- Girls are not mysterious. There is nothing mystical or wondrous about femininity. It is an identity. Girls do not act in ‘mysterious’ ways, there is no ‘female intuition,’ and women are not ‘impossible’ or ‘unfathomable’ or more difficult than men are. When we respect the ideas, the feelings, the speech, and the motivations of others, these ‘mysteries’ of women vanish entirely: a falsehood enforced by male privilege not understanding that women face different realities, implications, and social problems than men. We shouldn’t enforce a ‘mysterious’ or ‘mystical’ or ‘special’ femininity in our media, either- women are half the human population, not puzzles or unicorns.
- Girls are not tools. No plot should depend on someone being female. A female character can have something depend on her abilities (a cis woman’s ability to bear a child, for instance) but that says nothing about her femininity- no more than her ability to win a tournament or lead an army.
- Girls are not limited in their interactions. Girls talk with girls about anything they want. Girls talk with boys about anything they want. Girls talk with anybody of any gender or lack thereof about anything they want. They are not merely conjured up when they have something only the designated girl can say, or when they plot demands girly things. There’s no reason for girls not to be present at all times, involved in any conversations nearby. They don’t go on a shelf while others are talking.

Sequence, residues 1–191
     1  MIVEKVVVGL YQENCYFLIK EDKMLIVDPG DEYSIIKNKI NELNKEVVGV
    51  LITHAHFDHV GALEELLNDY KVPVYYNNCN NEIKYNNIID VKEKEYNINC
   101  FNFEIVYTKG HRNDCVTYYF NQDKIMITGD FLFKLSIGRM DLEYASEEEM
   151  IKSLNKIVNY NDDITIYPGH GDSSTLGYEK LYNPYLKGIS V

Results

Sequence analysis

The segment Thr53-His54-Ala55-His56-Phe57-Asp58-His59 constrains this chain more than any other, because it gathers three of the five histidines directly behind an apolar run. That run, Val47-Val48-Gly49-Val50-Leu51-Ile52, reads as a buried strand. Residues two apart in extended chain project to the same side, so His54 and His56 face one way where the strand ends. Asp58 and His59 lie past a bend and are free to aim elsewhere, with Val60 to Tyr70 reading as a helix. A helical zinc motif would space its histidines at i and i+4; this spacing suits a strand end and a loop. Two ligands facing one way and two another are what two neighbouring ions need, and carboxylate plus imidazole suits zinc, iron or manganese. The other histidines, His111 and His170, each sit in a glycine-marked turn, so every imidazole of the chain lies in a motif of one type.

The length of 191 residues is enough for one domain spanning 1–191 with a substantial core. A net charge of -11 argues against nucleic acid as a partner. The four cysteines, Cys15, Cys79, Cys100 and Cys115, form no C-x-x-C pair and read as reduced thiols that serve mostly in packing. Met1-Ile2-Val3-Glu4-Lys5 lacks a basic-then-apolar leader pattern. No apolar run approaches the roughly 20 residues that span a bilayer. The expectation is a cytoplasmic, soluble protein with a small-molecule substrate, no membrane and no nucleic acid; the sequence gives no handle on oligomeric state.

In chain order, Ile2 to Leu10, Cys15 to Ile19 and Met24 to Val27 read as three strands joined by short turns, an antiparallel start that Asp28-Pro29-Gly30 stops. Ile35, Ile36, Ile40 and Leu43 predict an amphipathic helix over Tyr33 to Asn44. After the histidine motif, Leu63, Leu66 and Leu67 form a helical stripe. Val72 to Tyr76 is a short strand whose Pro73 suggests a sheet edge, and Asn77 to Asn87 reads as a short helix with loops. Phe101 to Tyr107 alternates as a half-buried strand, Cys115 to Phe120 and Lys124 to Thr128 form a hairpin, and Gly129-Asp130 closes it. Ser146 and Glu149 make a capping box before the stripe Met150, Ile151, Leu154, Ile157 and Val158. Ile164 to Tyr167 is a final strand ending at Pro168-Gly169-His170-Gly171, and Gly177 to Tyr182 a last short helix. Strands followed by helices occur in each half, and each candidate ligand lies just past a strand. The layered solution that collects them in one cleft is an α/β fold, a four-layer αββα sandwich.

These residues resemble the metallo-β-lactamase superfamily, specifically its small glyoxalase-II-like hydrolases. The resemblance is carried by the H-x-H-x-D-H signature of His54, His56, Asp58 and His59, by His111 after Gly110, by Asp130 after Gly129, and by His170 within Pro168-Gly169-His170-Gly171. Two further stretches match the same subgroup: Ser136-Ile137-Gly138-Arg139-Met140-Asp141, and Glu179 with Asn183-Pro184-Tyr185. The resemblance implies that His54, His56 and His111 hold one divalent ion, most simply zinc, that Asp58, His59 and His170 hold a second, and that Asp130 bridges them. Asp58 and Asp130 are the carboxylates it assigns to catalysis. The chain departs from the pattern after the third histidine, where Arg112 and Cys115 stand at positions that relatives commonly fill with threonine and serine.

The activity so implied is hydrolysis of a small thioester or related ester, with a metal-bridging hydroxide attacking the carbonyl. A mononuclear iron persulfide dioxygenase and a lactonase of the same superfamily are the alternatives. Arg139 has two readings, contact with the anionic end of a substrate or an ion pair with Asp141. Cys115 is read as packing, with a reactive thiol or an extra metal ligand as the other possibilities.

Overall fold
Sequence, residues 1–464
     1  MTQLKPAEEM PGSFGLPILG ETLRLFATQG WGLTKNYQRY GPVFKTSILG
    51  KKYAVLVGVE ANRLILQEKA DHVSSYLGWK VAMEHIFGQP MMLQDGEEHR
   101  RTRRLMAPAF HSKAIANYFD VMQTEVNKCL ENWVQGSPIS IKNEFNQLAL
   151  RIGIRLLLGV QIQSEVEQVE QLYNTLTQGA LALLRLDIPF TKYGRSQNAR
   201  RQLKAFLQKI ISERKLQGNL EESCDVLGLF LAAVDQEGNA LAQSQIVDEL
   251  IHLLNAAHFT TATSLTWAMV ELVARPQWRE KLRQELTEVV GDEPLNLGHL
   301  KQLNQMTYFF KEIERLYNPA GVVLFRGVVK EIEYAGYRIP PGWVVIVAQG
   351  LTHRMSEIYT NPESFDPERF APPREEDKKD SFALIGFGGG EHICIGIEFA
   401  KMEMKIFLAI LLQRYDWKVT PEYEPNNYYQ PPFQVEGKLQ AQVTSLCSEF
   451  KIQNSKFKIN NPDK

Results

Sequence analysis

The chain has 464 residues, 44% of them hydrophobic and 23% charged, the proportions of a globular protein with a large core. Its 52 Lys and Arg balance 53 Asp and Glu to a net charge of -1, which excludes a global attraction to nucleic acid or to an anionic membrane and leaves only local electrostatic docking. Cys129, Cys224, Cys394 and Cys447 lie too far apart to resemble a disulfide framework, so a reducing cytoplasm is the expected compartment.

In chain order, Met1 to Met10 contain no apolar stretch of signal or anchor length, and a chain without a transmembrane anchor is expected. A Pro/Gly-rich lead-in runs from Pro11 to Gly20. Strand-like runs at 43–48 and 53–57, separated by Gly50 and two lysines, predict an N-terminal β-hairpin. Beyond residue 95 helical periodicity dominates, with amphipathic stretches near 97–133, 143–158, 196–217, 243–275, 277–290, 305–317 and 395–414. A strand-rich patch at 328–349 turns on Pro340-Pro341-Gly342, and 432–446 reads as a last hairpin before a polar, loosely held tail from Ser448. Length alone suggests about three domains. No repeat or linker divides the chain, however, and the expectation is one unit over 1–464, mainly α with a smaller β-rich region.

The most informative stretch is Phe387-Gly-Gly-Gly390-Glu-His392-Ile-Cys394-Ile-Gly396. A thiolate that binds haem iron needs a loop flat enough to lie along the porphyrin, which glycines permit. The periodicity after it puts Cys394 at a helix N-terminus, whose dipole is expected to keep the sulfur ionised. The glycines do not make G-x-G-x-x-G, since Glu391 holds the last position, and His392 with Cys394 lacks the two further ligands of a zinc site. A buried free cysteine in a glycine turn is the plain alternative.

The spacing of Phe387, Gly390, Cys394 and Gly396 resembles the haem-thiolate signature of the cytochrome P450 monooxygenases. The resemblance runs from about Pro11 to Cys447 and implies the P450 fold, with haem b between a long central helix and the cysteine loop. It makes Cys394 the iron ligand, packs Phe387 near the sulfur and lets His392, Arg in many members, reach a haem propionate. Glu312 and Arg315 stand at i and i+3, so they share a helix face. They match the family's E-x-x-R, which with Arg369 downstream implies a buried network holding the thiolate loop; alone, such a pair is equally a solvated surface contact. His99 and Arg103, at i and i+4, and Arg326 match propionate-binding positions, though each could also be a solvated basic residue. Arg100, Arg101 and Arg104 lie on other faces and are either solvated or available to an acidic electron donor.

- Girls are fun. They’re fun to be around, are interesting, are clever, are animated, and they have a lot to say that’s both meaningful and entertaining. Too often female characters and their arcs are more detailed, yet also more ‘serious’ or ‘tragic’ than the arcs of some of their peers. Often this seriousness has to do with a male character’s influence, arc, or demise. No thanks!
Of course, these rules apply to any gender, and nongendered individuals too. But female characters are often denied these things in media that we both consume, and media we personally create. Coded cis male characters do these things constantly, at length. Non-males? Not so much.
EDIT: I forgot a rule. It’s here.
I like this a lot because it’s actually great writing advice for any character. I especially like the “girls are subject to reality” one. That’s actually really important and also not something you hear about so much.
From issue #33, my favorite Deadpool story arc.
This is what ‘Pool is. He’s not just “chimichanga fourth wall crazy lol”. He’s a bad person trying to be a good person, who’s really screwed-up mentally, has all sorts of crap thrown at him every day, and has a bizarre sense of humor to deal with it.
"The person is awesome, but I cannot tell you who it is. The person walked into the trailer and I [screamed] and I started freaking out and I jumped on the person, and I didn’t know them and then I was like, ‘I saw you driving once,’ and then that person got a little weirded out. Our fans particularly will like a certain guest star that is coming up soon."
I’m still a little disappointed that Buffy didn’t graduate college.
It’s tragic, but it makes sense. I think that was a good story choice.